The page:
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Memories of Canadice NY

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A Farmhouse Pantry

By Mina Preston Oliver - The Canadice Chronicle

July 1996

Most farmhouses in Canadice had a pantry. Pantries were handy rooms, even with the large country kitchens available. They were a necessity when the house did not have an ice box. Nothing took the place of the pantry.

The Preston’s Pantry

Our pantry must have had my mother’s approval when my parents rebuilt the house at 6657 County Road #37 back in 1924. A door at the northeast corner of the kitchen led to the pantry. It consisted of a room about 8 by 10 feet with shelves of twelve inch boards taking up the space on the west and east walls. They started two and a half to three feet from the floor, up to within a foot of the ceiling. The top shelves were used for articles that my parents didn’t want us children to reach.

Tall bottles containing camphor, rubbing alcohol, hydrogen peroxide, pain kane and bitters occupied that shelf. The bitters disappeared from the shelf promptly when Mama and Papa found out it contained alcohol.

The Medical Book

On one end were some books. One book fascinated me when I finally managed to climb the stool and sneak into the other room to gaze at its pages. I don’t think I was very old and the book was heavy. The printed matter wasn’t interesting to me. It was the pictures that were fascinating. I imagine it was a book that would be helpful to my father. It dealt with various diseases and injuries pertaining to animals. The pictures of the various animals unfolded.

The horse looked like our horses, but a part of the picture could be turned up, another part turned down. There stood a horse without its outer skin. A layer of under-skin with blue veins all over then appeared. The next uncovered picture showed the insides of the horse. It was remarkable. A cow, pig and sheep were also pictured.

Secret Reading

I checked them all out, but didn’t dare look too long for fear Mama would find me. I can’t recall how I lifted the book back up to the shelf, but she didn’t see me. When I became older I checked that book out several times. I never did look at the other books.

Other Materials

The shelves on the west wall held confectionary sugar boxes, brown sugar, oatmeal, cream of wheat, corn flakes, coffee and Postum. Salmon was cheaper than tun fish back then. Mama usually kept a can of that on the shelf.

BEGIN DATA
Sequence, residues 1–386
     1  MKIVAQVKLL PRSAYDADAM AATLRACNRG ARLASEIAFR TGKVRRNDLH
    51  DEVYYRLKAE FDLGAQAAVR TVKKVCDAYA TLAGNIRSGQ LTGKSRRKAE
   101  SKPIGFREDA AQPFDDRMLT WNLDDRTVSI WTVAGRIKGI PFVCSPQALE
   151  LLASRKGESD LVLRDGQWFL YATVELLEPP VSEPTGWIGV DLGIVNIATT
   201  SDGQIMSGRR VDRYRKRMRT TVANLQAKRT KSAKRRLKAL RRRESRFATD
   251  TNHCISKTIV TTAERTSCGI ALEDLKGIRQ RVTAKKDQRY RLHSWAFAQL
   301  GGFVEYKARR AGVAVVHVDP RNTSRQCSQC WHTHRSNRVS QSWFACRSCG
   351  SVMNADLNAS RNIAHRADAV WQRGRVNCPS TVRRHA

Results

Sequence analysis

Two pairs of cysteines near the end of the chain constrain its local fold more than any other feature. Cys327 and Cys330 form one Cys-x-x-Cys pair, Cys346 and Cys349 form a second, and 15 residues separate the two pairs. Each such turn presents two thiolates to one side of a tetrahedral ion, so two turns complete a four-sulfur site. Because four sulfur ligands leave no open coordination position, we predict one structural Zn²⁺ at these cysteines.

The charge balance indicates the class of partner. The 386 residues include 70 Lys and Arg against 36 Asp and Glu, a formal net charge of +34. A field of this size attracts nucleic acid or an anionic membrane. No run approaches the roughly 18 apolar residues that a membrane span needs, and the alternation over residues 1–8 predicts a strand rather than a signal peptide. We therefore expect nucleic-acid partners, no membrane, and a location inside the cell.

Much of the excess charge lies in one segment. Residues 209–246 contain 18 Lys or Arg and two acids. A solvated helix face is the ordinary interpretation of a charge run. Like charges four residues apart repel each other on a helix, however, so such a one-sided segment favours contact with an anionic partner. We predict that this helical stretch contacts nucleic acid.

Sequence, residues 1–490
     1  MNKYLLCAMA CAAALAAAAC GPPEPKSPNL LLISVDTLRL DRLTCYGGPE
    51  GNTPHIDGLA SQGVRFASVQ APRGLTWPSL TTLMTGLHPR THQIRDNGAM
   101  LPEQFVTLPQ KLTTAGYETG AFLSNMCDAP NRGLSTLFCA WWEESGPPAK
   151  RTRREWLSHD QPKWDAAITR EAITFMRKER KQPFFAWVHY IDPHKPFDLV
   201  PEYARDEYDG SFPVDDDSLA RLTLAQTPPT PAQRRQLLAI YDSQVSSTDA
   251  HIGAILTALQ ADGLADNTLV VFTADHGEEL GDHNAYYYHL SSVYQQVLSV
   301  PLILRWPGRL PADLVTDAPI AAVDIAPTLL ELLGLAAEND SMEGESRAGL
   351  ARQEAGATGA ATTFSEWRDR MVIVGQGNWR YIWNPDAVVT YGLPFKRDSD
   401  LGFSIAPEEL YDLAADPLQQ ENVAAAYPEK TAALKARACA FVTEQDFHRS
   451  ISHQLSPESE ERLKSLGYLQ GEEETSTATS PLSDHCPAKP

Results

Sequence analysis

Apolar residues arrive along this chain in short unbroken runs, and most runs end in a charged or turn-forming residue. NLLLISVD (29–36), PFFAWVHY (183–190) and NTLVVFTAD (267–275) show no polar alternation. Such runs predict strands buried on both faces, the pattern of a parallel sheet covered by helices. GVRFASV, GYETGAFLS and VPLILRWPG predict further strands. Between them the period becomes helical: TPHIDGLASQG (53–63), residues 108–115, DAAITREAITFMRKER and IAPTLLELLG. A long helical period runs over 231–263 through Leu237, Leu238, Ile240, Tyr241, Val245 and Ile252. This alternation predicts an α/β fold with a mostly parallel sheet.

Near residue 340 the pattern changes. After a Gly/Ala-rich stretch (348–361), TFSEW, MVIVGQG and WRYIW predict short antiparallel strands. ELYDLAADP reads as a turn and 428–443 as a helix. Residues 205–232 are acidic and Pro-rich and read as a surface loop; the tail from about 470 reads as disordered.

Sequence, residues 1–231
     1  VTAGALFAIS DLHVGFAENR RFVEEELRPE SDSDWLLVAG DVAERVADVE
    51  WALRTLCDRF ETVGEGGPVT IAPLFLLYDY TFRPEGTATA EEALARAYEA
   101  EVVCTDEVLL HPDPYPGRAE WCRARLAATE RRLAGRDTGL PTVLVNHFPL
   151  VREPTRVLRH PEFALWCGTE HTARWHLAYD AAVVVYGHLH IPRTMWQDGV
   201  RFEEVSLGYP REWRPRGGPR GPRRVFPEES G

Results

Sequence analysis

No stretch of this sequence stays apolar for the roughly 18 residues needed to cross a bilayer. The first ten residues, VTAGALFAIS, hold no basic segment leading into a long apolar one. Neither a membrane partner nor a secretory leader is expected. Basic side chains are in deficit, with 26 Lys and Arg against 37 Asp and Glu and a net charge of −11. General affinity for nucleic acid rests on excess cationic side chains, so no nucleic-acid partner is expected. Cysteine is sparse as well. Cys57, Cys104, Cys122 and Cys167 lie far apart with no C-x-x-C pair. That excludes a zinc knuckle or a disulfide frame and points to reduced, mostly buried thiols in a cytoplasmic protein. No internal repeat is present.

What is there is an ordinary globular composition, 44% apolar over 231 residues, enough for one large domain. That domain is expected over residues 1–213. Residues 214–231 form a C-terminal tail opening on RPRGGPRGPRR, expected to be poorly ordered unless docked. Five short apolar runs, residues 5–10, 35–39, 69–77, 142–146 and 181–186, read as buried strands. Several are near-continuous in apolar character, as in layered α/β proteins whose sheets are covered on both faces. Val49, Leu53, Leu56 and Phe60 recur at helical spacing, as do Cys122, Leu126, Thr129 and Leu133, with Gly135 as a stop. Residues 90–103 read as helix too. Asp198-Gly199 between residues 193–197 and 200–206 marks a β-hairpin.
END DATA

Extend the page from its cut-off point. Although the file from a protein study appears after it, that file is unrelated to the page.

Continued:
A window centered in the middle of the north wall provided light. Electricity came down our road around 1935-36, so when we went to the pantry at night we carried a kerosene lamp. The window was a great advantage. Under it, a wide board shelf ran from the west to the east wall. Cupboards underneath the shelf provided a place for baking pans, salt, a ten pound bag of sugar and various baking utensils. In each end of the cupboards an opening allowed for storage of tall containers. Above the work place on each end, a series of narrow shelves reached to the ceiling. On the top one, Mama stored the medicine for the family. There she placed any bottled medicine the doctor prescribed - iodine, salves for cuts (one being wolverine salve), peppermint - all out of our reach.

The Watkins name appeared on many of the spices placed on the lower shelves. The Watkins man came every few monthes, giving Mama the opportunity to pick up all sorts of seasonings. There was also the Jello boxes and at one end the root beer mix. On a hot summer day, some of that mixed with water would quench our thirst. There was also an old baking poweder can that Mama used to put some coals and wool in. That was used to heal deep wounds such as nails going into our feet.

Mama’s Durable Tea

A small bag of green tea leaves sat on the shelf over the work place in the pantry. It was especially for Mama. She loved her green tea.

When World War II erupted, she no longer could purchase green tea. She had some on hand and it lasted through the War. Sometimes I could see only two leaves in her cup of hot water.

The broad shelf held about anything you would want - crocks of lard rendered from the pigs that were butchered in the winter, crocks of sausage and headcheese, pitchers of milk Papa brought in each morning, containers of cream Mama had skimmed off the milk, and in the fall, crocks of sliced and whole cucumbers in various degrees of pickle making.

In the summer the shelf held pans of huckleberries, blackberries, strawberries and other fruits waiting to be made into deserts or be canned. On one of the east shelves sat egg scales. Mama wiped the eggs with a damp cloth when Papa brought them in, weighed them and packed them in egg crates.

When I was young she made her own butter, and she took butter and eggs to Wheaton’s grocery in Springwater to trade for groceries. It was in the pantry that Mama rolled out dough for bread and biscuits and made pie crusts and cookies. There were sacks of Daisy flour, a bag of split beans, jugs of molasses and vinegar, colanders, strainers, and a can of sardines for Papa.

The pantry was cool even in summer and the window was open in all seasons. Later on, the south wall was the place for our electric refrigerator.

What wonderful things were stored in our pantry! In it we had the makings of many fine meals, down on the farm!